Insured losses resulting from Hurricane Florence, which has battered North and South Carolina with strong winds and intense rainfall since making landfall on Thursday night, are expected to total just $2.5 billion, according catastrophe modeller Karen Clark & Co. (KCC).
KCC’s estimate, which is based on the firm’s high-resolution U.S Hurricane Reference Model, accounts for privately insured wind, storm surge, and inland flooding to residential, commercial, and industrial properties and automobiles, but does not include National Flood Insurance Program (NFIP) losses.
Hurricane Florence approached the Carolinas as a Category 4 storm with peak intensity of 140mph winds, but was downgraded to a Category 1 before impacting the U.S coast with sustained wind speeds of around 90mph.
The weakened storm slowed to forward speeds as low as 2mph once inland, leading to prolonged intense rainfall of up to 40 inches in some areas and 10-foot storm surges along the coast, causing widespread flooding.
Rainfall has been exacerbated as parts of the storm’s circulation remained over water, providing the hurricane with a sustained source of water. Catastrophe modelling firm Risk Management Solutions (RMS) estimated that some areas may experience rainfall exceeding a 1,000-year return period.
Storm surge is also preventing rivers from draining into the ocean and increasing their susceptibility to overtopping, KCC noted.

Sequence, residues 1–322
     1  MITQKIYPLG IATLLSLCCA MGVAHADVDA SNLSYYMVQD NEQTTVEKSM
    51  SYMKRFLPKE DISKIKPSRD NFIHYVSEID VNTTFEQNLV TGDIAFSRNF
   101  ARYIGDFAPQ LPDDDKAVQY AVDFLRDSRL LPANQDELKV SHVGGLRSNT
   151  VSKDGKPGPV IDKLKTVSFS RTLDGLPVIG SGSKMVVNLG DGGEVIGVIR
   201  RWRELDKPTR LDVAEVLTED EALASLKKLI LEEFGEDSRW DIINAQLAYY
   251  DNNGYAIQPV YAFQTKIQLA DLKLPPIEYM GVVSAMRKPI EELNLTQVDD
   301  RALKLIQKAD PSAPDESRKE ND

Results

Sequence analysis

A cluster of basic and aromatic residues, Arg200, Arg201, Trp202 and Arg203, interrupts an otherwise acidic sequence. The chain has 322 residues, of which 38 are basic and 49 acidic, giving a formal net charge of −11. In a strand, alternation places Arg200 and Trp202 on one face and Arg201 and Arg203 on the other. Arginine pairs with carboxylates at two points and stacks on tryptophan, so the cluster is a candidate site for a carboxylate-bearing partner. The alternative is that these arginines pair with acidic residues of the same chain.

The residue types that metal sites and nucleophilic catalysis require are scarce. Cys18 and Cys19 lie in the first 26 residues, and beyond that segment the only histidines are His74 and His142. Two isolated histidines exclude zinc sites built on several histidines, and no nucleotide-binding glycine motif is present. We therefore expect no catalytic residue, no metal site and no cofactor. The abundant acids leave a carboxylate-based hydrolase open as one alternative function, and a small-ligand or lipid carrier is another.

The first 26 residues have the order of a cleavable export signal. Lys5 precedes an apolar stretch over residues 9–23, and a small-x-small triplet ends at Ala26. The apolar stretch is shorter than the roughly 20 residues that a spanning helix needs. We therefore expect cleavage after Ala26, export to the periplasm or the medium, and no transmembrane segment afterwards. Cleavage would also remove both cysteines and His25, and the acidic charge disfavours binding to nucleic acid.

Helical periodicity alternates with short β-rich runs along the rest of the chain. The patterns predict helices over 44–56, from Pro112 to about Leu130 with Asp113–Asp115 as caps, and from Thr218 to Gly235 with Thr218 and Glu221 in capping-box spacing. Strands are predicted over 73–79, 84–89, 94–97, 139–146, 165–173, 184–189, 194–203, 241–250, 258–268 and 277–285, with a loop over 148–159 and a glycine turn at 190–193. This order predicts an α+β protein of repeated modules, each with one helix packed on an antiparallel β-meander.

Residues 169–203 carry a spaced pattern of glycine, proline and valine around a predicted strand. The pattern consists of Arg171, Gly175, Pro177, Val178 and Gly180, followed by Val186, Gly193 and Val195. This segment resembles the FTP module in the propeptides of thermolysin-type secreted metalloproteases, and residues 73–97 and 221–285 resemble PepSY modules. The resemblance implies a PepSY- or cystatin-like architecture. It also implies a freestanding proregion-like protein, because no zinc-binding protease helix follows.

KCC’s insured loss estimate of $2.5 billion is far lower than most initial projections, which put total insured losses at between $8 billion and $20 billion.
It is also lower than CoreLogic’s estimate of between $3 billion and $5 billion, which includes damages for both wind and storm surge, but does not include insured losses related to rainfall rainfall, riverine or other flooding.
However, KCC’s estimate does not factor in NFIP losses, which are expected to be significant, and which may lead to additional exposure for reinsurers due to the NFIP’s $1.46 billion reinsurance program, which triggers at $4 billion of losses.
Florence has caused widespread low-level damage and resulted in 17 deaths so far, with authorities warning that the worst may yet be to come as the flooding is set to intensify over the coming days.
Evacuation orders currently remain in place for over 1.7 million people, and more than one million households have also been left without power due to falling tree and power lines.